It’s true, I might like one or two of those.
A group at MIT developed a coating for ketchup bottles to have the ketchup easily slide out of the bottle. This sounds cool but trivial until you think about how much food gets wasted at the bottom of the bottle, etc. Naturally the formula is a secret, and patented, but you’d assume it would be somewhat related to teflon; some sort of superhydrophobic material.
Each morning, blurry-eyed physicists try to solve a frustratingly complex mechanical problem: how to walk with a full cup of coffee, without letting it slosh over the sides. Writing in Physical Review E, Hans Mayer and Rouslan Krechetnikov at the University of California, Santa Barbara, report their study of the biomechanics of walking with coffee and the factors that lead to spills.
The sloshing of liquid in a cylindrical container, like a mug, is similar to the motion of a pendulum: the natural frequencies of oscillation depend on the liquid’s height and diameter (and, of course, gravity). In a typical mug, 7 cm in diameter and 10 cm tall, the lowest frequency oscillation of the coffee rocking back and forth in the cup is easily excited by walking at a normal pace.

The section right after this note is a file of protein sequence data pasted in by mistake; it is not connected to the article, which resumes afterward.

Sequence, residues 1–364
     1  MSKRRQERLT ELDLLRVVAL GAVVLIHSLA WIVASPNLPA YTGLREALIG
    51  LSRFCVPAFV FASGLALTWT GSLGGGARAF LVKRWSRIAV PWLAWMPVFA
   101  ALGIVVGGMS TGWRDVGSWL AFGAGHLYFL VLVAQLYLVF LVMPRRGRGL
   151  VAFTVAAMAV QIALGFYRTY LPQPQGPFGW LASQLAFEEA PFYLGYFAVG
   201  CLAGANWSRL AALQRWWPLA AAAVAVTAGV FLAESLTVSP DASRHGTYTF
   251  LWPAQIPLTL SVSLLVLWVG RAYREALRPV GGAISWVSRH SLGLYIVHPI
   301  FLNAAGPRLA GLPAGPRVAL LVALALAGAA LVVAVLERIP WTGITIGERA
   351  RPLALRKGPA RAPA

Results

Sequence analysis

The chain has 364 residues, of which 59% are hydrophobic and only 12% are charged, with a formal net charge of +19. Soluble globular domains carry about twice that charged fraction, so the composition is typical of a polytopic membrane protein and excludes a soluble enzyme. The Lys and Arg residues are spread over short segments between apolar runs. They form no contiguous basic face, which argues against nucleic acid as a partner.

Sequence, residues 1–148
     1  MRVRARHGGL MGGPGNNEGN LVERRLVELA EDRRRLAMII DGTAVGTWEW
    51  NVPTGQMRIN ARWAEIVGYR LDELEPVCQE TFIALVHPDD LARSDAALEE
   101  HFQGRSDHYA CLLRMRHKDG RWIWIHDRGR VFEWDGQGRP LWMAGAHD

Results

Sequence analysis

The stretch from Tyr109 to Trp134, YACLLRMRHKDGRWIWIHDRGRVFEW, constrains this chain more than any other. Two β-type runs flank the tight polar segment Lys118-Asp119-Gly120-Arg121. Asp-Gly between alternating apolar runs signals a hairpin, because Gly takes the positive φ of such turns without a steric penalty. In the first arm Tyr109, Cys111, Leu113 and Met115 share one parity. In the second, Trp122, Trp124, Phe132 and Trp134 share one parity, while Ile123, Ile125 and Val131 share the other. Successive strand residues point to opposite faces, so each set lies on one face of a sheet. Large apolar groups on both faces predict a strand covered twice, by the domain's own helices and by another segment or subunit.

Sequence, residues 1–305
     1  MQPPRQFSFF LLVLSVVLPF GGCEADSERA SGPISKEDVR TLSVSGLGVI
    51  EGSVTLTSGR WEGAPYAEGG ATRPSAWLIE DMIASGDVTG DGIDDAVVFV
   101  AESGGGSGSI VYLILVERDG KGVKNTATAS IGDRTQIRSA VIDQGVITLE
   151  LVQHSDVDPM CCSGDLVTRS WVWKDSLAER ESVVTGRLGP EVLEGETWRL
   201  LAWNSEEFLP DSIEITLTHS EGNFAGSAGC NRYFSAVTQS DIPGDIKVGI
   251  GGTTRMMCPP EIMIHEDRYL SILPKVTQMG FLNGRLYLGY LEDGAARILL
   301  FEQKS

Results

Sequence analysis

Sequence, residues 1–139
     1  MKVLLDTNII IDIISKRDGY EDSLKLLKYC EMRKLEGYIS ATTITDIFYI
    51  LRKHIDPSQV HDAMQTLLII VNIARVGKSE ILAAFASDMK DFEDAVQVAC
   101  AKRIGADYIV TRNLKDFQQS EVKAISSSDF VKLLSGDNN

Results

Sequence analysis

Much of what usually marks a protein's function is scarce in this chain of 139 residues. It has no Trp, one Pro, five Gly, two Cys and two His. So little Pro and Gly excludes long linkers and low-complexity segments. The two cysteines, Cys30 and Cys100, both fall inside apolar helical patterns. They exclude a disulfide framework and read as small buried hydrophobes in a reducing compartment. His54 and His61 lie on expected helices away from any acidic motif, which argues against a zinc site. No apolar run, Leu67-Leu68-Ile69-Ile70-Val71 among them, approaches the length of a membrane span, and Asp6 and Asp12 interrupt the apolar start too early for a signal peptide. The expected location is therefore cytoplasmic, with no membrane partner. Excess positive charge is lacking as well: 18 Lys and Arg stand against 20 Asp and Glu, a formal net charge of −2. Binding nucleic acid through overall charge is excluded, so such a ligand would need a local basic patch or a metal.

This gives an intuitive explanation of why coffee spills, but Mayer and Krechetnikov have found that noise—potentially caused by uneven steps or small jerks of the cup — plays an important role in amplifying the natural oscillations of coffee into a full-blown spill. They set up an image analysis program to track coffee levels in cups carried by human subjects, who were asked to either focus on keeping the coffee from spilling, or to walk without paying attention.
It’s been a while since I’ve posted, partially because I was in Mexico for a week, (didn’t get swine flu!) and partially laziness. Couldn’t really think up an idea for a post here, so why not ramble on (not be confused with ranting) about one of my true loves, coffee.
If you’re not already familiar with Lifehacker, it’s a great site, and they have a lot of DIY stuff, including some stuff on coffee. As I’ve read the site, I’ve developed a list of coffee to-do’s: DIY Espresso, adding herbal tea to coffee, cold-brewed ice coffee, and roasting my own beans. In fact, this is now my summer to-do list. Expect individual posts as each of these are completed. Feel free to chastise me for being flaky and unforgetful if I don’t.
As of recently, I’ve begun drinking my coffee black, and have started to order straight espresso. I still have milk and sugar every once in a while (mostly when it’s bad coffee), but I’ve begun to appreciate the deeper flavor of it. I started mostly cause it was harder to remember to restock milk, and I’ve never been a fan of those powdered non-dairy creamers. I don’t think I’ll ever go back.